Back in the day, when people spoke English in full sentences, face to face, without the intermediary of a cell phone or computer or telephone, an argument of particular strength was often called a "confusion."
And right now there is a big "confusion" going on about Apple (NASDAQ:AAPL). By the end of last week it was pretty much known - excuse me, I thought it was pretty much known - that Apple would introduce an iPad mini on October 23rd. A quick Google of "iPad mini" and dozens of articles discussing features and price points popped up. Yesterday the company made it official - yes, there will be an announcement and event on October 23rd, product unspecified - and the stock moved up fifteen bucks.
Am I missing something here? Or does this mean the most widely held stock is not really being followed by professionals, analysts and individuals? The answer is yes - too many people owning the stock or even recommending the stock are not watching the company. A pity for traders, great for investors.
Why the distinction?
If you sold calls (as I did) against an Apple position assuming the world had digested the iPad mini announcement and date, you are now scrambling to roll that position given the sharp movement in the stock. My bad - I should have assumed, as I usually do, that most of the people on the Street are woefully ignorant of the companies underlying the stocks they own, discuss and recommend.
If you are an investor, this ignorance is great and supports the stock price - is currently determining the stock price - which is half of what it should be. Not a few percentage points below where it should be, fifty percent where it should be. Yup - my price target has $1,200 as the target price and I actually believe it could be $1,400.
Just compare AAPL to other S&P 500 companies - look at profits, then look at growth rates for the past twelve quarters in revenues and profits, then look at upside catalysts and project future growth rates for revenues and profits, then look at how investors are valuing other large caps with the same growth rates. Sorry, you cannot do that - none has those growth rates - none has growth rates half of Apple's.
The Apple bears - and they must be traders or people who bet the Houston Astros would win the World Series - argue this growth is not sustainable. Really?
- Apple may have the pre-eminent brand in cell phones, and the best smart phone on the market, and is having trouble meeting demand for the iPhone 5, but the company's overall market share in the cell phone market is below 4%.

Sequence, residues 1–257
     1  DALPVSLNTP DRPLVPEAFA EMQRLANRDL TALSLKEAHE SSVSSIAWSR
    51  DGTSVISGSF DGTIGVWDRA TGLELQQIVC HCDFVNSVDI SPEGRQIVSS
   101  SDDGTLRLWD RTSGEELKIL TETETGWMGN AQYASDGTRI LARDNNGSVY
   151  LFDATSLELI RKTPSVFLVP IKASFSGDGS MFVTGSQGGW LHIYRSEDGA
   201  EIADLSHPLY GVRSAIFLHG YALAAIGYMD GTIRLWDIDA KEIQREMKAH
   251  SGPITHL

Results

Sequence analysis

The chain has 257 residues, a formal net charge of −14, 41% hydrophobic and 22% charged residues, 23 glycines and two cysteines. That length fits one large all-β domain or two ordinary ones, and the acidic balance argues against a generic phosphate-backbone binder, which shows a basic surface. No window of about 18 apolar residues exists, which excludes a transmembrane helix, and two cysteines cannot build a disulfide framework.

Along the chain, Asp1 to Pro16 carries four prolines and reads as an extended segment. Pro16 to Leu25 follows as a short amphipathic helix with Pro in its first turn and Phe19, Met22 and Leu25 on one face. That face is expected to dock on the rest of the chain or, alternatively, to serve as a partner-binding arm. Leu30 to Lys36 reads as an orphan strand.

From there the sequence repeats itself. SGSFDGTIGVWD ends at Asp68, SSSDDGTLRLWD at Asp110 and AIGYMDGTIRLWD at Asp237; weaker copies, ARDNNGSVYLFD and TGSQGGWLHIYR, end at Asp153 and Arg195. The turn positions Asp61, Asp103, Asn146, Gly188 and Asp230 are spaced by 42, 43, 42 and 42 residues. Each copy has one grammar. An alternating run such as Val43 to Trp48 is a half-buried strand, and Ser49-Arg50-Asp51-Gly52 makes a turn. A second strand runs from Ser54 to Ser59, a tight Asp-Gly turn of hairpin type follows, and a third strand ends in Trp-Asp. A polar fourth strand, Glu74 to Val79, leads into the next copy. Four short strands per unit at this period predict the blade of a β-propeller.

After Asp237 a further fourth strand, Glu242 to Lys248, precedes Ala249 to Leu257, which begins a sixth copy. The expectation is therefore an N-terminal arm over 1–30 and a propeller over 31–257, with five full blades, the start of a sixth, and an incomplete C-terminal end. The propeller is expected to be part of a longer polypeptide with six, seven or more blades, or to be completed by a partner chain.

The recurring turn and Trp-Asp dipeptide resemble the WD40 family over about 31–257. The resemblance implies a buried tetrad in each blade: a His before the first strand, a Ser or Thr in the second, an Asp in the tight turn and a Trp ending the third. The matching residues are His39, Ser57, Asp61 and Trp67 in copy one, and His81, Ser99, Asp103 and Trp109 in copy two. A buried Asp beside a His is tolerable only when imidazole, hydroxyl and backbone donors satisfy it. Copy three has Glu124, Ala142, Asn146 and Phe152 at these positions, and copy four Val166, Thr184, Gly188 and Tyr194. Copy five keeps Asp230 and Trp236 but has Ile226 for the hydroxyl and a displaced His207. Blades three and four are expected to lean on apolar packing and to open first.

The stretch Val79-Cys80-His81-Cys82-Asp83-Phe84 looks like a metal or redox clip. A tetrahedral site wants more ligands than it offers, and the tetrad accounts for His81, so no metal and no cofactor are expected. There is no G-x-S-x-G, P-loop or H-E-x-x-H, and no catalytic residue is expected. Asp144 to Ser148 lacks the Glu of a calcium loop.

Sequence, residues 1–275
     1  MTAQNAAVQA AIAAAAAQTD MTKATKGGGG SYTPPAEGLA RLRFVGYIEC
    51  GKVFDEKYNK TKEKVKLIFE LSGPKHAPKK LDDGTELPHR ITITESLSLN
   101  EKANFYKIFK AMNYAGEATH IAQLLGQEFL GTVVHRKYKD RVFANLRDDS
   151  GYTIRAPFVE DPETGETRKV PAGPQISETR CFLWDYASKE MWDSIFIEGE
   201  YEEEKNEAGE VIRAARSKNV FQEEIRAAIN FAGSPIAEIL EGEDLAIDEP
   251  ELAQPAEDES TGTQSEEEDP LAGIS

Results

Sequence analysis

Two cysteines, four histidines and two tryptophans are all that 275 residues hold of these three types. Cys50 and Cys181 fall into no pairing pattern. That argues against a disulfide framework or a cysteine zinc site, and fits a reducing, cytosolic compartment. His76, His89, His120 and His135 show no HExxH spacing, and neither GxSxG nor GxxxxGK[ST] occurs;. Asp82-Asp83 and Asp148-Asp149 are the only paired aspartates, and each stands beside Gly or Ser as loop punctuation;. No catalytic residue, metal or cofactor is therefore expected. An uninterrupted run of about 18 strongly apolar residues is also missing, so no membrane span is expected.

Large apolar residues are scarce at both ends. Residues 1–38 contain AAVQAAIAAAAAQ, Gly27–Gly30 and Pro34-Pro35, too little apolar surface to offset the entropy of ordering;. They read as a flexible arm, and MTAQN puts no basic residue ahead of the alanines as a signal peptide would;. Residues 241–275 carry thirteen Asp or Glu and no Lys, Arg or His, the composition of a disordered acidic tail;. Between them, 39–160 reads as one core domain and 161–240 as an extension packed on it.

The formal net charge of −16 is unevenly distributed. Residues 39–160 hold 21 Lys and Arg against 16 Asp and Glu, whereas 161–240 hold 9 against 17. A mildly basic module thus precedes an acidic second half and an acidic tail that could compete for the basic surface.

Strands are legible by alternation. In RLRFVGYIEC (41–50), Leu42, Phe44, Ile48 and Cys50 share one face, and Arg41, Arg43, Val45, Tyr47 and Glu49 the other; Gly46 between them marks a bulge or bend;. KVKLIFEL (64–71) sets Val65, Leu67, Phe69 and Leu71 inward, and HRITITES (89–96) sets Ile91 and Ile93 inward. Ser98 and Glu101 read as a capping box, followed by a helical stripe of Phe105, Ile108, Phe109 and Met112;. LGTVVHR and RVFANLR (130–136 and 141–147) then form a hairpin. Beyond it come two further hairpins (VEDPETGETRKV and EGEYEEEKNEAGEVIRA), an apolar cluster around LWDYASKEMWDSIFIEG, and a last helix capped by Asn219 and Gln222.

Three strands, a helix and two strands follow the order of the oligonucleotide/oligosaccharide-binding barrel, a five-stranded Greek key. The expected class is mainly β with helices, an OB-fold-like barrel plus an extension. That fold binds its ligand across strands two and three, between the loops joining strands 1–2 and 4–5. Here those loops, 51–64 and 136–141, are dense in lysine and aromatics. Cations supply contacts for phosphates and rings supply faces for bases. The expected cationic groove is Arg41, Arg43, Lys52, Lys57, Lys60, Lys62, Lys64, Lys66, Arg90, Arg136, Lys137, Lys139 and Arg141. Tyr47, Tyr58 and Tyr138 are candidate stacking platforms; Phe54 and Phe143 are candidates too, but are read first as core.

- The Apple Mac family is the premium brand among mass market desktop and laptop computers, commanding prices often twice that of competitors - and is the only product picking up share in a declining PC market (see Intel's (NASDAQ:INTC) recent earnings announcement) and yet it still has, by my calculations, less than 5% of the worldwide desktop and laptop market.
- The Apple iPad is dominant - totally dominant, 65%-85% share - in the tablet market. That market is growing more than 50% a year. That being said, if you bundle low end laptops and netbooks with tablets - as many market research types do - Apple still has a relatively small share of that market, perhaps under 20%.
- And here is a kicker - the largest cell phone carrier in the world, China Mobile (NYSE:CHL), 640 million or so subscribers, does not yet carry the iPhone, "yet" being the key word here.
- How about another kicker for the short term - ChangeWave Research (part of the 451 Group) surveys show pent up demand for the iPhone 5 is by far the greatest they have seen for any iPhone. This means a terrific calendar Q4 and Q1.
The strenuous arguments against Apple are no more than a "confusion," a creation of those who want to be heard for the sake of being heard, traders looking at very short term movements and headlines. Investors take heart - Apple, the second most valuable brand on earth, is, to my mind, the closest thing to a sure thing, in the real world, as I have ever seen in my career. And over time the stock should follow.
Disclosure: I own a great many shares of Apple, this position constitutes roughly one third of my liquid net worth.